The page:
It sounds like this guy is just not a caretaker. That doesn't make him a bad person. It just means that whatever your needs were, he was unwilling/unable to meet them, they were too much *for him* and the idea of being responsible for meeting them made him want to bail, so he did. That also doesn't make YOU a bad person. It doesn't mean your needs were "too much" in a general sense, or "wrong" or whatever. It just means the two of you were not compatible in that way.

I also feel hurt that everyone abandoned me, when I've since seen people threaten suicide and have all their friends/family rush to their side.

In the same way, this depends on the personalities of the friends/family. Some people are just more prone to demonstrating care for others. That doesn't say anything about YOU. Sometimes one might think "well, this person doesn't display much care for me but if I *really* needed them then they would." Actually often the opposite happens, where they show even less care. If you anticipate care from someone who is already not showing much, it might be setting yourself up for some hurt.

Normally I might say that if you feel guilty that you might have hurt him, you should write him a letter and apologize. But it sounds like there's a chance he will say even more hurtful and damaging things to you, like the awful things he said about how you should feel like a bad person, etc. So it's probably best to let sleeping dogs lie there.

Dee Xtrovert:This may sound harsh, but I have known people in situations not entirely dissimilar to yours. What sometimes causes them to be alienated from family and (theoretical) friends is sometimes putting to much of a burden on them (non-experts) and not taking matters to those who really can help, like those in the field of mental health.

I think Dee Xtrovert is right about this. But I don't think it's "too much of a burden" to put on friends and family to want them to care about you, help you as much as they can, etc. It's just when someone feels that the onus is totally on them to solve a problem they don't have the skills, knowledge, or ability to help with, it can get overwhelming.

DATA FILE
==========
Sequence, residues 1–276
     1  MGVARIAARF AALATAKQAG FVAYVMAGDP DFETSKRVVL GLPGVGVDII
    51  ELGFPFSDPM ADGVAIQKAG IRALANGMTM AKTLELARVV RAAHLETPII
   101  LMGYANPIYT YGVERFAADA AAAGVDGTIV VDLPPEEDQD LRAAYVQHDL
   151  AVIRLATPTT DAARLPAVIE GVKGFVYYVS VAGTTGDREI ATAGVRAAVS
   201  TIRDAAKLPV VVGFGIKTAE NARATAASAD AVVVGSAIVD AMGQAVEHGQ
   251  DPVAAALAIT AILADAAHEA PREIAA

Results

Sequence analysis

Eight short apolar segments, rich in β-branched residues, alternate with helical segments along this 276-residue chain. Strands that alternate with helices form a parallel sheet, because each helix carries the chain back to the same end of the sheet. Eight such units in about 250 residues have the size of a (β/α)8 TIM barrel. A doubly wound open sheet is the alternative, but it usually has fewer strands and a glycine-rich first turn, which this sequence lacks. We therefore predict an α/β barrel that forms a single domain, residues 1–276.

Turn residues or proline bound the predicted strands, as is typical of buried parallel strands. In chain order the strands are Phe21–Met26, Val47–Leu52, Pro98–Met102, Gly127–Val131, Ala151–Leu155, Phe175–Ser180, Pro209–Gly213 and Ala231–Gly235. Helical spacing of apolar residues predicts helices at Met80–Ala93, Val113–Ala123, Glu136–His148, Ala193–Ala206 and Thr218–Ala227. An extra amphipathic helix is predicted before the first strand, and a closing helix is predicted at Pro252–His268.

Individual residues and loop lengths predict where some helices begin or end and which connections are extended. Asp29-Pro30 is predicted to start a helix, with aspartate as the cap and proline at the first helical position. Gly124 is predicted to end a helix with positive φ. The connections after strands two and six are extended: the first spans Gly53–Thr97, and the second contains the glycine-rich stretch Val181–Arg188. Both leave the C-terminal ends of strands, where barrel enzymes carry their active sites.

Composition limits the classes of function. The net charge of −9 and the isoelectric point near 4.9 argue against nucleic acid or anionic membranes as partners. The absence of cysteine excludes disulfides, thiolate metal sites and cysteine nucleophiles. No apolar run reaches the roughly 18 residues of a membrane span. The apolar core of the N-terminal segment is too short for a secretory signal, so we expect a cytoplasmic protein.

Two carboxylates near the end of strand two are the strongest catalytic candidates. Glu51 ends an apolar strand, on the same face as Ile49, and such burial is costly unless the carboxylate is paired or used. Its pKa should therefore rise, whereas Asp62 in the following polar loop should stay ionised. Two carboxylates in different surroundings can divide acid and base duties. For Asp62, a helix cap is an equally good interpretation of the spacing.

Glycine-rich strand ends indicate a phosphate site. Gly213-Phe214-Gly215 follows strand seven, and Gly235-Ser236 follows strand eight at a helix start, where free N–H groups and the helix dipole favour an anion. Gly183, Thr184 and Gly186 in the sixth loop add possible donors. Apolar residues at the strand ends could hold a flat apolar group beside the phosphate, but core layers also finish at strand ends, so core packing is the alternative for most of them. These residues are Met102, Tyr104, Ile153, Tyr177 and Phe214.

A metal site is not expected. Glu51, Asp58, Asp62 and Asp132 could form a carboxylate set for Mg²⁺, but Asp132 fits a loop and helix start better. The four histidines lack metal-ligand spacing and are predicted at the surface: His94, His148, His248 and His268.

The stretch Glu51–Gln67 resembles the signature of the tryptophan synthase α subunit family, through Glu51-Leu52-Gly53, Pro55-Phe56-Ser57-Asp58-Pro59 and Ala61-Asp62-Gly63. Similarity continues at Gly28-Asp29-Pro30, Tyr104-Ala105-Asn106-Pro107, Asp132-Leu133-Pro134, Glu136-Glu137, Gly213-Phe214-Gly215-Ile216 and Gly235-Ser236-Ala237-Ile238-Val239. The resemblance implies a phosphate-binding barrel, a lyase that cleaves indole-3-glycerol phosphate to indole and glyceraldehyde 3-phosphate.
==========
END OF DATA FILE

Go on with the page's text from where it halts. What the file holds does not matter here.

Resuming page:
I think it's obvious to everyone here that you are not a bad person. And I also think your ex is the only one out of all of us who thinks you should see yourself as a bad person. I personally think he should see himself as acting like bad person for saying something like that. Is there any way that you can forgive *him* for saying those horribly hurtful things to you, and for not being there for you, and for bailing on you? If you can forgive him for doing those things, maybe it will be easier to forgive yourself.
posted by Ashley801 at 11:43 PM on January 15, 2011 [3 favorites]


I speak from a position of having come close to attempting suicide and dealing with major depression and self-sabotage in relationships.

How can I forgive myself for emotionally damaging my ex?

First of all, you have to stop what trial lawyers call assuming the conclusion. You need to separate what you did from what your ex did. You damaged yourself. You didn't damage him. He recoiled from your mental illness, which is something we wish people wouldn't do, but is a quite common reaction. He was protecting himself. This wasn't what you needed, but it may have been what he needed, or all he could handle.

I won't say you don't have some forgiving of him, or you, to take care of. Let me tell you right now that forgiving is not the end you seek. It may help you heal, but it will not be the magic bullet that ends your pain from this episode.

In fact, by creating this somewhat difficult, perhaps even impossible necessity of forgiveness, you have given yourself another stick to beat yourself with. I'm a bad person. I can't even forgive. You spend all your emotional energy on this, precisely because all your emotional energy when you are depressed must be spent on beating yourself up. It's sort of the way depression works.

Try something simple. Just give yourself permission to resent. Give yourself permission to be mean. Give yourself permission to be human. Let it seethe, let it wash over you, let it consume you ... for a moment. Then let it go and do something that needs to be done. You're not a bad person for having these thoughts. Most people have these thoughts, especially after a bad breakup or an emotional rollercoaster of a suicide attempt. You're human. Sometimes you're not perfect. Accept that. Work on forgiveness later. But for now, be a little selfish. Be a little bit of a jerk. Be imperfect.

I used to struggle with random daily thoughts of The One Who Got Away, frustrated that I couldn't get her out of my mind, until I had the epiphany that it was pretty natural to have those thoughts and I didn't have to let them control me. After that I would still have the thoughts, but I'd react with a sort of "Well! That's that." and move on. This was the beginning of the thoughts diminishing until they no longer bothered me.